Patients who receive intestinal transplants could get more than just a healthy new gut – they could also be getting a new supply of somebody else's blood cells.
This means they not only make their own blood cells, but they also have cells that belong to their donor as well.
This might be expected of any transplanted organ, at least to some degree. But these donor blood cells stick around a while, which at first glance seemed rather odd.
It's long been thought that the only place adult humans make new blood cells is in bone marrow. But this discovery suggests our gut also contains hematopoietic tissue which can pump out a stream of red and white cells into our circulatory system.
While nobody knows exactly how much blood this intestinal tissue contributes, it could be as much as 10 percent of our body's supply. So we're not talking a trivial amount.
To see what happens to these foreign cells over the long term, the discoverers of this strange secondary source kept track of 21 intestinal transplant recipients for five years.
They not only found foreign hematopoietic stem and progenitor cells (HSPCs) in the mucosa of the donated intestine, they identified them in a section of the small intestine, liver, and lymph nodes.
What's more, over time these cells were gradually replaced by the recipient's own blood-building tissues.
On first thought, this should be a serious cause for concern. White blood cells are the infantry of the body's immune system, attacking foreign invaders on sight.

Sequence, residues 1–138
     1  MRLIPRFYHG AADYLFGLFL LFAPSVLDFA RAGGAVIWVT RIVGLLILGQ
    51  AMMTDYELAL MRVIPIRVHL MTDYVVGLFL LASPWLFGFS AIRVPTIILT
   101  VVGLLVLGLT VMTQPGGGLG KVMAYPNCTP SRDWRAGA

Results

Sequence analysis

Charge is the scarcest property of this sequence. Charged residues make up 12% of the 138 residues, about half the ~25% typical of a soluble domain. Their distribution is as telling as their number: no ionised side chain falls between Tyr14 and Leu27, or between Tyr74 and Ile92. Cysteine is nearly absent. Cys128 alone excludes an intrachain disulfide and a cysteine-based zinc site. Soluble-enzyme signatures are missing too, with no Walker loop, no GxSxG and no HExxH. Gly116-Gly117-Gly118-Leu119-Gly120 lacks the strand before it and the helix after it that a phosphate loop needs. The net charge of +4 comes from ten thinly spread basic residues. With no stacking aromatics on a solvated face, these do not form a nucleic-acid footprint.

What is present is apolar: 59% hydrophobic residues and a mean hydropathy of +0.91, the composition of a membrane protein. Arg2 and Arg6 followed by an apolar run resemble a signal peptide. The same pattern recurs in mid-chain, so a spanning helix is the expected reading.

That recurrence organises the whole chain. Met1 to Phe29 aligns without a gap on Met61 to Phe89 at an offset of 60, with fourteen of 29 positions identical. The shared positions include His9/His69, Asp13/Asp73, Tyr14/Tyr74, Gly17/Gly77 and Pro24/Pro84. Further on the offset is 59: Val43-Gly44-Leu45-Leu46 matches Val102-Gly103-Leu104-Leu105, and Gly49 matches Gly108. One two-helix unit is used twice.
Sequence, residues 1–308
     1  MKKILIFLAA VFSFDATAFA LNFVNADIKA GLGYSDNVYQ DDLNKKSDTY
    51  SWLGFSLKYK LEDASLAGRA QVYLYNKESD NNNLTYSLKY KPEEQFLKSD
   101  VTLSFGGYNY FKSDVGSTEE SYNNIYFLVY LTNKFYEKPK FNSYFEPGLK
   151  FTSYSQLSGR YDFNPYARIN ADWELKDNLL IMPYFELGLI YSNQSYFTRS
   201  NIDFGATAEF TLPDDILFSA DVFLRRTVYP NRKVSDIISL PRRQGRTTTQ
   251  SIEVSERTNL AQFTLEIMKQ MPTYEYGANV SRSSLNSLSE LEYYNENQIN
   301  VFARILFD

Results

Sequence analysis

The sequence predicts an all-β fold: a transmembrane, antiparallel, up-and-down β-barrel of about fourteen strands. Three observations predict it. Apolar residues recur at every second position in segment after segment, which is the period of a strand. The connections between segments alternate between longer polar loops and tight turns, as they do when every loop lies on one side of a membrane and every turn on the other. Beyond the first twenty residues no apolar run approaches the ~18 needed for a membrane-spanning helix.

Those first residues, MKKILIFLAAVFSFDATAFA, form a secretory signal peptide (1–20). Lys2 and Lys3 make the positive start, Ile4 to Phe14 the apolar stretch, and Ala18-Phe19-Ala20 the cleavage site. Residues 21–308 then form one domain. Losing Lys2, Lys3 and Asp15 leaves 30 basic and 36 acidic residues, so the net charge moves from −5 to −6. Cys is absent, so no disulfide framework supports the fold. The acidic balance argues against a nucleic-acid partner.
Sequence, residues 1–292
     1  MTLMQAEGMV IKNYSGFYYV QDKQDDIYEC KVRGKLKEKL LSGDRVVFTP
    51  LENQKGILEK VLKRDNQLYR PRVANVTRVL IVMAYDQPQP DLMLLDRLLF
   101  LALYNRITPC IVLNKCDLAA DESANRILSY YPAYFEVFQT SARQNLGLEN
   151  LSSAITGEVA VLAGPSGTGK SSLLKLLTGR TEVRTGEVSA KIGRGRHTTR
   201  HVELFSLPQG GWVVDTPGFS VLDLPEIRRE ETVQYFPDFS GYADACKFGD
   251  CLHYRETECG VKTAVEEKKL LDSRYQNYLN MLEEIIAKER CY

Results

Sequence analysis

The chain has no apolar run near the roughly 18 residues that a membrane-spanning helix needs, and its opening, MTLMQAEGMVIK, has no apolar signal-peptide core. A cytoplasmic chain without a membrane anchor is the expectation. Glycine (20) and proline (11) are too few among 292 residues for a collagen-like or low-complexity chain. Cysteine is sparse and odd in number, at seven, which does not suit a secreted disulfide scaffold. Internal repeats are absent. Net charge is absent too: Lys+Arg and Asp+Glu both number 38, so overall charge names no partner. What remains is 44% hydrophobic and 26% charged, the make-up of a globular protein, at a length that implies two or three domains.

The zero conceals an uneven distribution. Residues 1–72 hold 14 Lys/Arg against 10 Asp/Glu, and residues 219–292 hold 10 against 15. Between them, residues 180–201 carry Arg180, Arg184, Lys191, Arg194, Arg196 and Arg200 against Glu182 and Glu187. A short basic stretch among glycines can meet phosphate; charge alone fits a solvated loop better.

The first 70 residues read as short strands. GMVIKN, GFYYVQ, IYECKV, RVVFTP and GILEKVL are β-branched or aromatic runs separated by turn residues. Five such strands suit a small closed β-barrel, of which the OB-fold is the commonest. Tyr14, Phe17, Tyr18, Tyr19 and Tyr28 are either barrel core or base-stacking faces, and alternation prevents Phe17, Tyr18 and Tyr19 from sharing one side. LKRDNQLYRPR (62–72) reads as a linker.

The donated organ isn't seen as a friendly immigrant in the recipient's body, which is why powerful anti-rejection medications are required to dampen their immune response, lest the organ is destroyed.
It stands to reason that white blood cells made by the intestine should also see the recipient's tissues foreign, causing them to attack their body in return in what's known as graft-versus-host disease.
It's why even well-matched bone marrow donations carry the risk of rioting against their new home.
Yet this issue wasn't anywhere near as bad as the researchers had expected. In fact, it seemed as if the opposing factions of white cells had engaged in some sort of diplomatic relations.
"We are clearly showing that there's immunological cross-talk between the two sets of blood cells that protects the transplant from the patient's immune system and protects the patient from the transplant," says research lead Megan Sykes from the Columbia Center for Translational Immunology.
The donor's HSPCs were seemingly being educated in the new body to recognise their new home as 'self', even as they were slowly replaced.
Reflecting back on previous research, this white cell peace summit could be behind a surprising benefit to blood chimerism.
Transplants of intestinal allografts have a high failure rate, of about 50 percent within the first five years. That means if you're one of the lucky ones to even get a transplant, you can flip a coin to see if it'll take.
Given the high load of lymph tissue in the allograft, between 5 and 9 percent of patients will get graft-versus-host disease.
Yet in an earlier study on nine recipients of two different kinds of intestinal transplant, four patients with early moderate to severe rejection also had much lower levels of donor blood cells.
This isn't a huge sample size, admittedly, but the case is growing in favour of donated HSPCs in the intestine reducing the risk of rejection.
Knowing more about this process could be a big win for future transplants.
"It's possible that patients with a high level of donor cells may not require as much immunosuppression as they are currently getting, and reducing immunosuppression could improve outcomes," says Sykes.
Those with serious gut conditions such as Crohn's disease can benefit from donated sections of intestine.
It seems their chances of a better life go up if they get bonus blood production thrown in for no extra cost.
This research was published in Cell Stem Cell.